On the heels of the emotional “MaNyfaCedGod” video, JAY-Z opens up about Beyoncé, Kanye West, Solange, and himself in a rare but candid interview with TIDAL’s Rap Radar podcast.
During the one-hour conversation with Elliott Wilson and Brian “B. Dot” Miller, which took place at Soho House in Malibu, Hova spoke openly about his reaction to his wife’s LEMONADE, which seemed to address infidelity in their home.
“We were working on our shit and becoming tight and super real with each other,” he said. “That shit didn’t mean nothing. It’s hard, of course. It’s difficult to go through, but the real shit…I was there the whole time, the tour, the making of the album, it was therapeutic. It was good. It’s good to deal with your shit. It’s so worth it.”
Hov dealt with his own therapeutic issues on 4:44, starting with “Kill Jay Z,” which was quickly taken as a diss towards Kanye West. Now, Hov says it was far from a shot at his “little brother.”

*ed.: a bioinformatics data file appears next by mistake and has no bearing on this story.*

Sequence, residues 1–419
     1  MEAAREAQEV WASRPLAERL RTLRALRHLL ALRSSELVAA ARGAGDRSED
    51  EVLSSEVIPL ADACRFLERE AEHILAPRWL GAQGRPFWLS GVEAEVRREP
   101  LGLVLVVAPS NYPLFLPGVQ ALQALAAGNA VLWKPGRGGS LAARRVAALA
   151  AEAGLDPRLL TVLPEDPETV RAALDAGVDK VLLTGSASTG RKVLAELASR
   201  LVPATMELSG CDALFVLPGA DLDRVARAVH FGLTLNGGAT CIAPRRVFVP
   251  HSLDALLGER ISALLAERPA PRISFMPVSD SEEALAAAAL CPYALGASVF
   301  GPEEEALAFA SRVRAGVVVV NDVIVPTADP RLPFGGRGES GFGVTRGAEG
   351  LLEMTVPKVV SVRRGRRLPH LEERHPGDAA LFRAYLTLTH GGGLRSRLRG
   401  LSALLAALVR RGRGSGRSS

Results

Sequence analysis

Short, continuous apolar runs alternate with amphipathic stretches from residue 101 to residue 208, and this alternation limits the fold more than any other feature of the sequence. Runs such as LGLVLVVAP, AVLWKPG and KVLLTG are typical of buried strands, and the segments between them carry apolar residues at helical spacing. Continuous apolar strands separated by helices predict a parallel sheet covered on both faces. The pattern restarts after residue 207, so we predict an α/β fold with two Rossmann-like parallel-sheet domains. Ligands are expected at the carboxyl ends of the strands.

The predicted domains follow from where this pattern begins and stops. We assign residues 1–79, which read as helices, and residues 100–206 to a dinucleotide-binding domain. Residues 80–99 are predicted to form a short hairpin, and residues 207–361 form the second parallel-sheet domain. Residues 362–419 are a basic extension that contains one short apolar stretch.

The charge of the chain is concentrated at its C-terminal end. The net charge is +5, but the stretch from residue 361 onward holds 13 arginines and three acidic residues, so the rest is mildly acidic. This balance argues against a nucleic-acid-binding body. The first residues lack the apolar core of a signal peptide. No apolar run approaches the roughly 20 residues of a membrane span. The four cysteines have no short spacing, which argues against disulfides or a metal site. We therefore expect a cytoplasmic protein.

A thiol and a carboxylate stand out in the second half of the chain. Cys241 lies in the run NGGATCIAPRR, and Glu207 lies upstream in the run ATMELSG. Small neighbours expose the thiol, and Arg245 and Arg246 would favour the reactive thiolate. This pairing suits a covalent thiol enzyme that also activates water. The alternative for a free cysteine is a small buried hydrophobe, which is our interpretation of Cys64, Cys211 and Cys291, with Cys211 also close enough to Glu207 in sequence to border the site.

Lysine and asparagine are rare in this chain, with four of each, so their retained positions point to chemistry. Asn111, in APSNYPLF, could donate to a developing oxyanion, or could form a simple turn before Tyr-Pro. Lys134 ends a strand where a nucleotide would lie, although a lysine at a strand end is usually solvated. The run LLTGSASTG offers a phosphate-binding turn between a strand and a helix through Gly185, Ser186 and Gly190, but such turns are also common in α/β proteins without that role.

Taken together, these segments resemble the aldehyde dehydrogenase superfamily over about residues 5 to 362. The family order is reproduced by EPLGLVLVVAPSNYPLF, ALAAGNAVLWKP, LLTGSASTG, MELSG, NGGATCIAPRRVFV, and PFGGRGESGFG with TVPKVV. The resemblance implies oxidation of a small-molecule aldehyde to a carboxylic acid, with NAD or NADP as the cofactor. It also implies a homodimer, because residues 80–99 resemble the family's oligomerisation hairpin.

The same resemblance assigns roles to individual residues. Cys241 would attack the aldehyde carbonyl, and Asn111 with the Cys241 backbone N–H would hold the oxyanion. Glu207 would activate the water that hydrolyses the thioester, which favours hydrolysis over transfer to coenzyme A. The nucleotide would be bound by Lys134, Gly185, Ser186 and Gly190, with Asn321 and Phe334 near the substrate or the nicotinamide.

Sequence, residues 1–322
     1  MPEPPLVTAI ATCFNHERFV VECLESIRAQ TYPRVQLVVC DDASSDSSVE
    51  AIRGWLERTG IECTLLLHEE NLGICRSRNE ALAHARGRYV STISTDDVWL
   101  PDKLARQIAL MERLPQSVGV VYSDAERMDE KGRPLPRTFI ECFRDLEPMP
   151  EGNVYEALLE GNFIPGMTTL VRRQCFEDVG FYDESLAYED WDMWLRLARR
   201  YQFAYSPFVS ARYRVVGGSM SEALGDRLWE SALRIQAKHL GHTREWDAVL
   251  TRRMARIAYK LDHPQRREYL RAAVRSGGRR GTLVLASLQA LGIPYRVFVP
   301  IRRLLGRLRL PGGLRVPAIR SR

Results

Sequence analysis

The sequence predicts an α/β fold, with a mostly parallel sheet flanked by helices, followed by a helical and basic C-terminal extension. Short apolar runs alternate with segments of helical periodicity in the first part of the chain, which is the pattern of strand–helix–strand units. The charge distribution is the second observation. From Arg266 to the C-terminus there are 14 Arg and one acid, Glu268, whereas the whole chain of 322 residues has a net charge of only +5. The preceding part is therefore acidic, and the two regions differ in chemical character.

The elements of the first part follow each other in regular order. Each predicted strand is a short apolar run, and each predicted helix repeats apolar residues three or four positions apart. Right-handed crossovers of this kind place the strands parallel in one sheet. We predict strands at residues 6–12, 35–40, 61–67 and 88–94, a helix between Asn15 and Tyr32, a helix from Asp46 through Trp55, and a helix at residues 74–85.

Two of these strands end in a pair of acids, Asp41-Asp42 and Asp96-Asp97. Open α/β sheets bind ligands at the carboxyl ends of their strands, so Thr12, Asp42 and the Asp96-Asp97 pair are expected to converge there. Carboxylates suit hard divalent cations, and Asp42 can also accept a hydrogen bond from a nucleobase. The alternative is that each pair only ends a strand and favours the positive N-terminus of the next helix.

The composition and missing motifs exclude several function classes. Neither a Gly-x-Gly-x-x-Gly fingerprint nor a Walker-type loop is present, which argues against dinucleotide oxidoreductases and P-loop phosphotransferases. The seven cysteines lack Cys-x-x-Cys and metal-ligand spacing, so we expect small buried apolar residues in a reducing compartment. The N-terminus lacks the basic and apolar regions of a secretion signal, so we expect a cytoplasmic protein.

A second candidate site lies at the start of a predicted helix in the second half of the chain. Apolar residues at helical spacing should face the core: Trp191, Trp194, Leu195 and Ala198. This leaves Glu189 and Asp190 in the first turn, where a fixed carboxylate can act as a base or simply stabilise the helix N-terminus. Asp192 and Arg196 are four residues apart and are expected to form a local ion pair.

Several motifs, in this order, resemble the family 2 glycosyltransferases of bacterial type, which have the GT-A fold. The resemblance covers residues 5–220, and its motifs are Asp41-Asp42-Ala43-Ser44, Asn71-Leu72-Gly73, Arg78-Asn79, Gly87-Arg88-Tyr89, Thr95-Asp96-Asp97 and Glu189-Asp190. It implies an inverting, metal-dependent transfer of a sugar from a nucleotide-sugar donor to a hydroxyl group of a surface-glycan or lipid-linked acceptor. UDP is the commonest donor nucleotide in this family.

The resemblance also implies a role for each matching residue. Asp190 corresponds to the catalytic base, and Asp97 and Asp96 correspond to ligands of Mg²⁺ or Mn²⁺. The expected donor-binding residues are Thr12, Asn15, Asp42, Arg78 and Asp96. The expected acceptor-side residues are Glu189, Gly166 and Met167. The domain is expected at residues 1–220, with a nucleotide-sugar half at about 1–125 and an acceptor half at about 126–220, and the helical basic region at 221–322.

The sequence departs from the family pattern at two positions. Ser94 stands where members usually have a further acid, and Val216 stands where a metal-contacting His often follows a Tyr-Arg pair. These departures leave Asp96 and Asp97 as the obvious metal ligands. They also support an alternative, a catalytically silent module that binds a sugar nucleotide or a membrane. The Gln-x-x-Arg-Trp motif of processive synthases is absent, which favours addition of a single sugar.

“It’s not even about Kanye,” he said. “It really isn’t. It’s just his name is there, right? Because it’s just honest, it’s truthful, what happened. But I’m saying, the whole point is, you got hurt because this guy was talking about you on a stage but what really hurt me was, you can’t bring my kids and my wife into it. Kanye’s my little brother. He’s talked about me a hundred times. He made a song called ‘Big Brother.’ We’ve gotten past bigger issues. But you brought my family into it and now it’s a problem with me. Now, it’s a real, real problem.
“He knows it’s a problem because me and him would have been talked about it, we would have been resolved our issue, but he knows he crossed the line,” he added. “I know him. He knows. Not only does he have to know, I know he knows because we never let this much space go between one of our disagreements and we’ve had many. That’s part of who we are. That’s what I like about him. He’s an honest person. He’s open and he’ll say things and he’s wrong a lot of times but we’ll confront it. But that’s not the point. The point is, I was getting to the point where I said, ‘You got hurt by that.’ That’s nothing. You can’t diss somebody saying you got hurt. That’s the softest diss of all time. ‘You got hurt ’cause you did cool by ‘Ye.’ I dissed myself, actually. What are you talking about, you sucka-ass ni**a? That’s the softest shit of all time.”